The world is quick to blame the African continent’s slow economic growth on a variety of factors including inequality, nondemocratic regimes, and low rates of education amid other things. However, what the world is not quick to do is talk about the reasons that led to these factors.
Critics smugly say that Africa simply missed the bus to Industrial Revolution but as the Indian MP and former Under-Secretary General of the UN said about India (and what can be said about all post colonial countries): “we missed the bus to Industrial Revolution because Britain (and other colonial powers) ran us over with that same bus”.
Colonial powers followed the systematic strategy of substituting European manufactured products for locally made products. Colonized countries served the purpose of supplying their colonizers with cheap natural resources and labor and as a market for the finished products. This uneven trade is what stifled African economies and continues to have adverse impacts today.
Furthermore, the partition of African states—a direct consequence of colonization—lead to ethnic marginalization, which is a major cause of civil wars in Africa today. For example, the Masai have been split between Kenya (62%) and Tanzania (38%) and the Chewas between Mozambique (50%), Malawi (34%), and Zimbabwe (16%).
However, the international community’s solution to the problem only created more problems. The primary cause of the African continent’s economic problems is the influx of systematic aid starting from the 1960s. The West failed to do their due diligence and assumed that the aid model that seemed to work for post war European countries would also work for Africa. Furthermore, contrary to popular belief, if was not the “white man’s burden” that propelled the flow of aid; donating countries had ulterior motives. For the United States of America, aid became a way to secure allies against communist Russia during the Cold War while for the Great Britain and France, aid became a way to maintain a foothold in countries formerly colonized by them.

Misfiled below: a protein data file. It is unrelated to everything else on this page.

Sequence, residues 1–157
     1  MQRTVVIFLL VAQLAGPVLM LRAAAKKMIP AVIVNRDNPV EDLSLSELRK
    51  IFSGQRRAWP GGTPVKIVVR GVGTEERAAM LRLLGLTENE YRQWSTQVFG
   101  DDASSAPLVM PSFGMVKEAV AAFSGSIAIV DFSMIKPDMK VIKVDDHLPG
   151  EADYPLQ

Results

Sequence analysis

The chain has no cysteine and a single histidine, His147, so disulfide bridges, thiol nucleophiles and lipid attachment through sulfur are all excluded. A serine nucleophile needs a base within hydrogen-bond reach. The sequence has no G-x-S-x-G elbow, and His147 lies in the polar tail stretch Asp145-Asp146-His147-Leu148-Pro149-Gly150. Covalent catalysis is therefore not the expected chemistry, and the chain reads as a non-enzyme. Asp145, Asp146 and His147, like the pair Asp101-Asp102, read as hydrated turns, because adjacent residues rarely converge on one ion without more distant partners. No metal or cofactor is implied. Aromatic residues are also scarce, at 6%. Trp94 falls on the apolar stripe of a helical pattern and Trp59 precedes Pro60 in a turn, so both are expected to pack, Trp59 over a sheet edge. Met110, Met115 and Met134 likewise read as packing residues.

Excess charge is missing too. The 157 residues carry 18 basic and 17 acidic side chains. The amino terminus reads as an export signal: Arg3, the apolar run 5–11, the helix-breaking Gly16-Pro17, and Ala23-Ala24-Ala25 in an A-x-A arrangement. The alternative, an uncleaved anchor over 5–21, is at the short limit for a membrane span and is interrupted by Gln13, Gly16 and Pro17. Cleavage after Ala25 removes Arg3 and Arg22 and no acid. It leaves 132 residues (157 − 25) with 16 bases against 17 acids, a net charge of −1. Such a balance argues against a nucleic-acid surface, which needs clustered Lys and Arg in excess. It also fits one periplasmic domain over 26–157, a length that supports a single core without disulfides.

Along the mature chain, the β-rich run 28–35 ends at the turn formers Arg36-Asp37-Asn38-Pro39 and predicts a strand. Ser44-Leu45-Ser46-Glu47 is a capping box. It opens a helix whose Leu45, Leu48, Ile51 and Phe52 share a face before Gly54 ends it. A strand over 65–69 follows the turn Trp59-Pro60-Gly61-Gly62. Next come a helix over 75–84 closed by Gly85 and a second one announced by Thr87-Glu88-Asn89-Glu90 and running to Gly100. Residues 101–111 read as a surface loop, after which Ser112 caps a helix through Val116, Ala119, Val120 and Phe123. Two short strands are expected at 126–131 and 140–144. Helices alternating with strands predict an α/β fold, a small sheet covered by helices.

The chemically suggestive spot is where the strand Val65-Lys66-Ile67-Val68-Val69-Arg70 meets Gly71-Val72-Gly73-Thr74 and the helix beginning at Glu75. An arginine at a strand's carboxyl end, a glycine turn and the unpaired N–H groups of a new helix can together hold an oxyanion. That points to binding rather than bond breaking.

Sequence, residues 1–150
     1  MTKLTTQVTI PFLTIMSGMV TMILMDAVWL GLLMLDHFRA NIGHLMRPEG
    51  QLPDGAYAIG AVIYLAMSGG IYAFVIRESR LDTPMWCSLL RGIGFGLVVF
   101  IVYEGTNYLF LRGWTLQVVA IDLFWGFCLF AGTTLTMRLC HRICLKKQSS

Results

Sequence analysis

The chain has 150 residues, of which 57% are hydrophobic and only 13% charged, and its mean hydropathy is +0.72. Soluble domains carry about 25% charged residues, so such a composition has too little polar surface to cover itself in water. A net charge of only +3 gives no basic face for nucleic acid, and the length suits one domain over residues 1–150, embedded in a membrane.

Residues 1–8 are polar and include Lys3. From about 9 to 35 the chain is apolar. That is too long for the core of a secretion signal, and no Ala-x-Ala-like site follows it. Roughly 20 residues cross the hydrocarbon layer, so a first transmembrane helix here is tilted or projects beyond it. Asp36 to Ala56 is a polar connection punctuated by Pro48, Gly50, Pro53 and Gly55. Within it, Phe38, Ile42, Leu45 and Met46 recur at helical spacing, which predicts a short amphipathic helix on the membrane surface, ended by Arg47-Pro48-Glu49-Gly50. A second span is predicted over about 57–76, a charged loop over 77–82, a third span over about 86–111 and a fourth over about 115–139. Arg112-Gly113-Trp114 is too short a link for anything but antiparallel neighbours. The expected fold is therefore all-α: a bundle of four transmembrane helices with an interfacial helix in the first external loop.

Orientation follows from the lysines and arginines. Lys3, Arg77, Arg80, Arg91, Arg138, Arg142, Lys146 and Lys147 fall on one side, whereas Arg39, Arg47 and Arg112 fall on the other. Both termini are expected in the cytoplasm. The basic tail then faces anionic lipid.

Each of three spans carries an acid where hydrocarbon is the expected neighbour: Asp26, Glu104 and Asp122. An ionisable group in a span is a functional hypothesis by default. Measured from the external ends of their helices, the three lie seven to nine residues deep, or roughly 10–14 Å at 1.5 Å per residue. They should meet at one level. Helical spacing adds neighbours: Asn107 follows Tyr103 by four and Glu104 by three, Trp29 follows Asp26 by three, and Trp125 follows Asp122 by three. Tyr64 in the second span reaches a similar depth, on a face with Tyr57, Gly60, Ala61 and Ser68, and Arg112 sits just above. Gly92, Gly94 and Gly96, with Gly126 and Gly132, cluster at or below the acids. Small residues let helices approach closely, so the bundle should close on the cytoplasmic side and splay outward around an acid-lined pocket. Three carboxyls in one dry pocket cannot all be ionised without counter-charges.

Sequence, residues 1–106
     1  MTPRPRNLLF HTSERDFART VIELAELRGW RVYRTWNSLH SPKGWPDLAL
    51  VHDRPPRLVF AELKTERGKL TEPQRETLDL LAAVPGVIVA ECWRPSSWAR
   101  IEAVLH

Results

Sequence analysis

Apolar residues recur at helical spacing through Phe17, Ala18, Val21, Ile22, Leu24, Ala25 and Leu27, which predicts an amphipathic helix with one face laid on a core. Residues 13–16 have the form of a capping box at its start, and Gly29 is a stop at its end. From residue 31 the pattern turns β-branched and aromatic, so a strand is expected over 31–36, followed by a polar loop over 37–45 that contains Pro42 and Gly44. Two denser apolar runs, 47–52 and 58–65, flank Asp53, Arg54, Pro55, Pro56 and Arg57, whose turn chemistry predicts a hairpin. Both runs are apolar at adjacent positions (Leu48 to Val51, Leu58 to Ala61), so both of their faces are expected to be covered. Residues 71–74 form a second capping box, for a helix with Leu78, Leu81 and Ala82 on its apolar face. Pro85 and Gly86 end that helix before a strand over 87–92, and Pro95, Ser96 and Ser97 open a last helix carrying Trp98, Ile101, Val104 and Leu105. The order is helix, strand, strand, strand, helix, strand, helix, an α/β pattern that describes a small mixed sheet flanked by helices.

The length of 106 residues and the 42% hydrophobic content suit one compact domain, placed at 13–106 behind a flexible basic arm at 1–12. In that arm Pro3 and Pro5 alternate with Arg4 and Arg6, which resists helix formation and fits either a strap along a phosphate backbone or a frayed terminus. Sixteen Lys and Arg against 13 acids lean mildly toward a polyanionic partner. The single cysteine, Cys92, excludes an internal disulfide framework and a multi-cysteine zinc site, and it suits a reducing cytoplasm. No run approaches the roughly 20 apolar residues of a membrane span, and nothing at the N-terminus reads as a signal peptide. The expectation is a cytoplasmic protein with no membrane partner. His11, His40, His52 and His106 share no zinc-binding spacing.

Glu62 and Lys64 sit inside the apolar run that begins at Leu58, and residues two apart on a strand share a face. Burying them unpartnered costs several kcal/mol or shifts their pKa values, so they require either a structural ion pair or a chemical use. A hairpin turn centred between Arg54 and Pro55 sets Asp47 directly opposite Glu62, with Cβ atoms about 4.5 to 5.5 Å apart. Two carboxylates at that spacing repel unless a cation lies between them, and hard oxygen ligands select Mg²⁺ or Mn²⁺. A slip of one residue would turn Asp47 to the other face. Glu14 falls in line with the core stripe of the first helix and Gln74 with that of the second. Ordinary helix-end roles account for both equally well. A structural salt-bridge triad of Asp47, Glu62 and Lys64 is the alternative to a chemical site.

One of the main reasons for the failure of aid is the macro-micro paradox—something that Dambisa Moyo talks about in her book Dead Aid. The macro-micro paradox can be broadly defined at those economic activities that seem to be beneficial at the micro level but harmful at the macro level. An example of this would be donating essential commodities to the local people—beneficial at the micro level. However, supply of these commodities by donor countries prevents the sale of the same by local suppliers—harmful at the macro level.
Furthermore, a massive portion of the aid that was sent to the African continent was used to prop up dictators, which obviously hindered the emergence of democratic regimes. Leaders who receive external funding are obviously less likely to feel answerable to their people and more likely to participate in and encourage corruption.
While supporters of foreign aid may talk about the reduction of poverty across the continent, we cannot ignore the World Bank data that points to an increase in the number of people living below the poverty line. There is no denying that aid has achieved significant success as far as health is concerned; however, it has had devastating effects on Africa’s economy and governments. It is time that the West acknowledge the root cause of Africa’s existing problems instead of blaming the current administration and the alleged inability of the African people.